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Ben (UK)

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Minutemen - We Jam Econo [2005] [DVD] [2006]
Minutemen - We Jam Econo [2005] [DVD] [2006]
Dvd ~ Joe Baiza

4 of 4 people found the following review helpful
4.0 out of 5 stars A fitting DVD release for an amazing band..., 8 Jan 2007
In this excellent film "We Jam Econo", it's perhaps a testament to the brilliant Minutemen that such an impressive list of fellow musicians put themselves forward to talk about this incredibly gifted and inspiring group.

Told without a narrative voice over, instead the story is propelled along principally by the rather passionate bassist Mike Watt (whilst driving his van through an old sight seeing tour of hometown San Pedro) and is interspersed with numerous clips from an impressive anyone-who's-anyone list of I-was-there musicians including Thurston Moore, Ian MacKaye, Richard Hell, Henry Rollins and Flea.

Any fan of the band should really consider getting this DVD, but if you're sitting on the fence then perhaps I can persuade you to invest in this great package. The two discs are split between the documentary on one (with extra scenes and rare music videos) and a collection of live gigs recorded during the 1980s on the second.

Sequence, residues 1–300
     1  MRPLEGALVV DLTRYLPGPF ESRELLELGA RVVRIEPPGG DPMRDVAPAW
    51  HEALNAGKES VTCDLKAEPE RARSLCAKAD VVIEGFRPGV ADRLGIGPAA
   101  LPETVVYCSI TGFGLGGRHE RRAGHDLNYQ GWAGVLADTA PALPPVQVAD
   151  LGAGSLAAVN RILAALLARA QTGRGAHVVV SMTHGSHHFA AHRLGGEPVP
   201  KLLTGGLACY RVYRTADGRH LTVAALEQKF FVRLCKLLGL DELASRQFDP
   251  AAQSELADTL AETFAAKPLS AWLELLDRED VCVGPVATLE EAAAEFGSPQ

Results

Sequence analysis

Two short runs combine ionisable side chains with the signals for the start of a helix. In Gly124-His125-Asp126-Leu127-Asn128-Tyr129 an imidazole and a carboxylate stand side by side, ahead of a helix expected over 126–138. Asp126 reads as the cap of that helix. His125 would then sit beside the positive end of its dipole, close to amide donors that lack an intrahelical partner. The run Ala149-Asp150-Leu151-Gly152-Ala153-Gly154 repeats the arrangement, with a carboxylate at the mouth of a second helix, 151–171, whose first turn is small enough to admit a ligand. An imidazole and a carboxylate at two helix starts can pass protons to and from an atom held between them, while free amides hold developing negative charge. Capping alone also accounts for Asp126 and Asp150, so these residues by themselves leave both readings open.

The film itself is overall a rather gentle but interesting one, and it fortunately stands up to repeat viewing. If there's a criticism, I'd concede that the story, and so the film itself, is ultimately a slightly a sedate one. By this I mean it lacks the fireworks and anguish found in "Dig!" or perhaps "End Of The Century", but then, this was never what the band were about. It should also be acknowledged that the terribly tragic death of D Boon is not delivered in any emotional or hand wringing way. So the directors have chosen, quite nobly, not to emphasise this aspect of the band's history to reach for any greater emotional impact, as it's simply not required.

So rather than being a story about the usual band-in-turmoil or any such rock cliches, this is more a story about a rather unlikely group of young men, and how they went about creating such impressive and clearly influential music, and their overriding love of the punk scene.

I've read elsewhere that the live gigs on the second disc are the real draw here, and I'd agree they're an impressive addition. Granted, there is some pretty basic camera work on display, but the sonic quality is very impressive - so overall the passion and intensity is clear to see. The 9:30 gig, recorded in 1985, is particularly impressive, with the band on astounding form. But then, would you expect anything less from such a brilliant group?

Blues Bass: A Guide to the Essential Styles and Techniques (Hal Leonard Bass Method)
Blues Bass: A Guide to the Essential Styles and Techniques (Hal Leonard Bass Method)
by Ed Friedland
Edition: Sheet music
Price: 6.97

17 of 17 people found the following review helpful
4.0 out of 5 stars Do you want to learn blues bass?, 3 Nov 2006